According to government data, the rate of increase of farm yields for many crops was higher in the pre-green revolution period when compared to later years.
Direct Benefit Transfers in form of subsidies to offset farming costs have a shaky track record given the complex and varied social reality of rural India.
Demonetisation destroyed rural incomes and the cattle slaughter ban choked off the farmer’s main source of emergency funding.
Organic farming has doubled the crop yield and increased tribal farmers’ profit margins, helping relieve their previous debts.
Some years ago, Western UP was better off than other parts of the country, but farmer suicides and stories of struggling families have been on the rise since.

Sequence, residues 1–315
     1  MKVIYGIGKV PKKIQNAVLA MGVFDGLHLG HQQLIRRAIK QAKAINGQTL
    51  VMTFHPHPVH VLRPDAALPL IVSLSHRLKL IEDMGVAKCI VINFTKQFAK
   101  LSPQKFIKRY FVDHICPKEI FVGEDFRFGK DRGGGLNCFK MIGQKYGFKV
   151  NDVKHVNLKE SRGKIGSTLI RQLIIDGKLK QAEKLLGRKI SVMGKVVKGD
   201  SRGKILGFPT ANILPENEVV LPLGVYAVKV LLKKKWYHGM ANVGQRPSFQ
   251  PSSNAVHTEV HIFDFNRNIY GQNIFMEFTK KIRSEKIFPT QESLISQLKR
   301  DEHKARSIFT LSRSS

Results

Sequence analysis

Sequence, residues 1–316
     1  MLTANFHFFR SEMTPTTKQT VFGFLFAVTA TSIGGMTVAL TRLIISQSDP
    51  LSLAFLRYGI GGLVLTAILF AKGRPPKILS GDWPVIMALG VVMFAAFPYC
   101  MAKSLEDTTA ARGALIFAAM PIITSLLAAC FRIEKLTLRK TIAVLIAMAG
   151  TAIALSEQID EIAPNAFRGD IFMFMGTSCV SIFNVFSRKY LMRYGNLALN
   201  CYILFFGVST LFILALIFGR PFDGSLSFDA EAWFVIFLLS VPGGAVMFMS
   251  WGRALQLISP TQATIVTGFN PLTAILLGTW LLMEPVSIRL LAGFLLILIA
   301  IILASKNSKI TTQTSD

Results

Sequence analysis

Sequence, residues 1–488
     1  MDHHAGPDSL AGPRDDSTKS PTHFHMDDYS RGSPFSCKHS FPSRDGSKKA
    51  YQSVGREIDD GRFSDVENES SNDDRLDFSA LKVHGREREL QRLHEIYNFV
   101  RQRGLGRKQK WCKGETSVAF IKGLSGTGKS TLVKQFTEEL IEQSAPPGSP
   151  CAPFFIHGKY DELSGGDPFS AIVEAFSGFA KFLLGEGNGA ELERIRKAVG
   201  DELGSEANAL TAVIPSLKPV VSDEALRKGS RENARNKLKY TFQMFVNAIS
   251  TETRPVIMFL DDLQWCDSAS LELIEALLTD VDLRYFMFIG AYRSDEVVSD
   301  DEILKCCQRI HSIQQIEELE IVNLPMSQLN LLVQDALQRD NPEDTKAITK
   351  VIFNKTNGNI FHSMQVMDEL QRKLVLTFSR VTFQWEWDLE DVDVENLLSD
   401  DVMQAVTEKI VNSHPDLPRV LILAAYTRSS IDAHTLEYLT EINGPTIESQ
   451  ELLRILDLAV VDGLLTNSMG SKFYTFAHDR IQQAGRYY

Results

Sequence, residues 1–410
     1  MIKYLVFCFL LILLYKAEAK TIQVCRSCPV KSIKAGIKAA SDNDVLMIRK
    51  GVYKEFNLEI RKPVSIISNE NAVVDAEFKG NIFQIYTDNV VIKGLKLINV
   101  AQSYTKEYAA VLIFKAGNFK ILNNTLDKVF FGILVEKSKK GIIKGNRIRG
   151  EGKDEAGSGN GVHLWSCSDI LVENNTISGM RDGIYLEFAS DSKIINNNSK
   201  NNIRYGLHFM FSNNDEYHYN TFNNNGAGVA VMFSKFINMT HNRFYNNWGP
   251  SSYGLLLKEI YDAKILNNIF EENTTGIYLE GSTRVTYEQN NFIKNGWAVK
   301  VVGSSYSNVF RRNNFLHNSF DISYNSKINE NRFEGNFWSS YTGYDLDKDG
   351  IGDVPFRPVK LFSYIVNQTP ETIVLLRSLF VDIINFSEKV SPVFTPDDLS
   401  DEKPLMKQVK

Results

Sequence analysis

A closer look at the government crop insurance schemes shows that they have been of little help to distressed farmers.
In a Latur hamlet, Shalubai works eight hours daily to fill water; some spend less time, but pay three times the rate for water than Aurangabad breweries do.
Anantapur is facing one of its worst droughts this year – and the depletion of groundwater and skyrocketing debts have only made it worse for the farmers in the district.
Due to supply crunch retail prices of tomato have more than doubled, peas saw a price increase of around Rs 40-50, while cauliflower, potatoes and lemons have also seen hikes.
Legislative action that primarily looks at cattle mobility as ‘acts of smuggling cattle out of state for slaughter’ is deeply misguided and betrays a misunderstanding of how India’s cattle have been bought and sold since the British Raj.
Can we use technology to solve the problems of farmers and create a possible e-governance framework to solve issues scalable from a farm level perspective to the entire nation?